2001,  on Grooms claim. On March 5, 2001, Groom filed his  fourth
workers  compensation claim, asserting that the  superior  courts
decision  established  the law of the case;  he  again  requested
temporary   total  disability  and  permanent  total   disability
benefits, as well as penalties and interest.  The state  answered
this  claim  by asserting that the law of the case  included  not
only  the  fact that the slip and fall had occurred but also  the
limited  nature  of the flare up. It denied that  it  should  pay
benefits  based  on  Dr.  Szubas  written  reports  because   its
investigation  showed  that Grooms work duties  were  not  as  he
described them. It renewed its defense that Grooms second  report
of  injury   centering  on his snow- shoveling  duties   was  not
timely  and raised the additional defense that the snow-shoveling
claim  had  not  been  filed  within  the  two-year  statute   of
          On  March  9,  2001,  Groom  filed  his  fifth  workers
compensation  claim using the slip-and-fall  case  number.   This
claim  encompassed both the slip and fall and the  injury  report
related to snow shoveling.  It gave the following description  of
his injuries:
          [C]ontinuous   aggravation,   triggered    by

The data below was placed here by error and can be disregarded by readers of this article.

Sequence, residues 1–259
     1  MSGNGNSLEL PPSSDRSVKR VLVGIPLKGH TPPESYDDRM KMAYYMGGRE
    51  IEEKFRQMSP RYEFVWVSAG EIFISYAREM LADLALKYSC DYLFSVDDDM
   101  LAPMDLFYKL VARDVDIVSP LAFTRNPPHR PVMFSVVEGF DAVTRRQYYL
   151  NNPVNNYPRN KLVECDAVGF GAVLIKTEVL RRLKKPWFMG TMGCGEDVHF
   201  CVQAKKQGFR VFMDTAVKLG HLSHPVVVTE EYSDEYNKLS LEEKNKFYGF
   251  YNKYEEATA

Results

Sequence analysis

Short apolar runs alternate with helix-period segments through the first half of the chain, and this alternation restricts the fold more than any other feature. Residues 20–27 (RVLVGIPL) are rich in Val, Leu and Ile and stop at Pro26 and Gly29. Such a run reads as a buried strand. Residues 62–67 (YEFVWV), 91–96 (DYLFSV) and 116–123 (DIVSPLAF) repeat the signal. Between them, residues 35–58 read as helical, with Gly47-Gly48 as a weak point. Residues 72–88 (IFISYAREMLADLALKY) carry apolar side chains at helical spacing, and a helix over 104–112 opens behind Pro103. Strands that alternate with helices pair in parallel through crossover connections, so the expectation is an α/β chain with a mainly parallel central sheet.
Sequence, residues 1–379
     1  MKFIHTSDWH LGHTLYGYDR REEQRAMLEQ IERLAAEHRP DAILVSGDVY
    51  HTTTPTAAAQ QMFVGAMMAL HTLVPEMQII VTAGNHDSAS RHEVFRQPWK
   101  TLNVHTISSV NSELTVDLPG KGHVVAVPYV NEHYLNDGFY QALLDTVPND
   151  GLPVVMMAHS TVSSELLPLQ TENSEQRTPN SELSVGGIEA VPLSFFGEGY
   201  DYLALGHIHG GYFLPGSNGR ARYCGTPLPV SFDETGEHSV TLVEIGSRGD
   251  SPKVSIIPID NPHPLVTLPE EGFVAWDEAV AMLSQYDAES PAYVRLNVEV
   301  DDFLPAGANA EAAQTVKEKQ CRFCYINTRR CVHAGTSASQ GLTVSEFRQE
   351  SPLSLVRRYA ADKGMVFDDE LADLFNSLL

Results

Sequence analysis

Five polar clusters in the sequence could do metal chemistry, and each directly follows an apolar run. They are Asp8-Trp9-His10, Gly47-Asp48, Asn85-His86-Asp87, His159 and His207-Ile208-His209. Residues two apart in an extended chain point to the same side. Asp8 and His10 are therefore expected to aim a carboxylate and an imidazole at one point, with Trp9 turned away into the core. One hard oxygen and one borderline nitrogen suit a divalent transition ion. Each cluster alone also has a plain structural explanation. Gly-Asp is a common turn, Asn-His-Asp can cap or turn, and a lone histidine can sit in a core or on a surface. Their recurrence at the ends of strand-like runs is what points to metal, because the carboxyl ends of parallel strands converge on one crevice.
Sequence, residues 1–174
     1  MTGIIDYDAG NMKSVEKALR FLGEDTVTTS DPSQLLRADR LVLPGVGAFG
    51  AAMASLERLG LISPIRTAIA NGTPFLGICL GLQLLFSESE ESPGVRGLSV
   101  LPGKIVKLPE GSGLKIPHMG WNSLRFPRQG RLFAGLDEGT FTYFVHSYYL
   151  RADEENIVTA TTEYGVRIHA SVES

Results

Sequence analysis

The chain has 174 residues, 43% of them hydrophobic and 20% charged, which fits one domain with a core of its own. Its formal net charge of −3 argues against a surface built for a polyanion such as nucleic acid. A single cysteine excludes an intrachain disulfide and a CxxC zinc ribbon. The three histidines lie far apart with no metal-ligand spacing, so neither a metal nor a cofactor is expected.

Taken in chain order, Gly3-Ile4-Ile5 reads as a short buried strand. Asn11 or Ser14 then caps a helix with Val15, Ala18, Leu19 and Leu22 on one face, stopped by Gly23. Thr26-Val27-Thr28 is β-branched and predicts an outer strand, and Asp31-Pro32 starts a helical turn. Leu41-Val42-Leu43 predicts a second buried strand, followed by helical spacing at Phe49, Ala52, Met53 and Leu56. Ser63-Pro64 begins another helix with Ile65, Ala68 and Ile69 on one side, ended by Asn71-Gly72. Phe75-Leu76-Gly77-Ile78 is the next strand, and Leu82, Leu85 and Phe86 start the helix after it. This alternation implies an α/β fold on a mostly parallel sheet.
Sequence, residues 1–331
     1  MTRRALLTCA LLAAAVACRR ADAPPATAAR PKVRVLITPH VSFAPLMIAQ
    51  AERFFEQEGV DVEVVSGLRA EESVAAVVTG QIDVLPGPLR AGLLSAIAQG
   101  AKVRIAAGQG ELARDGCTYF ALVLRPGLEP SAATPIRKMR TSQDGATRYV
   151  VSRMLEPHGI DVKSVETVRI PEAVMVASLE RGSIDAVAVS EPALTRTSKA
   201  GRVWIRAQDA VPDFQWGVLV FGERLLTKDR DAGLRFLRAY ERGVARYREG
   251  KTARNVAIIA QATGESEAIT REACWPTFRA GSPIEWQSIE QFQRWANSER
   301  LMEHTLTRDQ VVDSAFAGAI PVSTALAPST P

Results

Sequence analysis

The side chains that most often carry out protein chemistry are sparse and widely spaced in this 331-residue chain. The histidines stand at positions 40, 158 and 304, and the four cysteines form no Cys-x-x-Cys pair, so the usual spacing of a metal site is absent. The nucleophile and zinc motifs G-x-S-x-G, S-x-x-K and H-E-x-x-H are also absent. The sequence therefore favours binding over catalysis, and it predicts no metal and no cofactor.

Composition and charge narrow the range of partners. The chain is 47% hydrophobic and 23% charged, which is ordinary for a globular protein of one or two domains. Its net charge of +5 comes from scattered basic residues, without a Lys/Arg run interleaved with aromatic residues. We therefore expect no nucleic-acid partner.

injury,  injured left leg at work by slipping
          & falling; while this act was the culminating
          event,    employer    aggravated    employees
          lymphedema   by   requiring   standing    and
          shoveling prior.
Groom   reported  that  this  claim  was  needed  to  make  [his]
application  consistent with facts adduced through discovery  and
medical examinations.  The state answered the March 9, 2001 claim
by  asserting  that  any claim for permanent aggravation  of  his
lymphedema should have been filed under the case number that  the
board  assigned to the snow-shoveling report of injury  and  that
his  claims related to the snow shoveling or standing were barred
either  because  of late notice of the injury or because  of  the
statute of limitations.
          Groom filed a final workers compensation request on May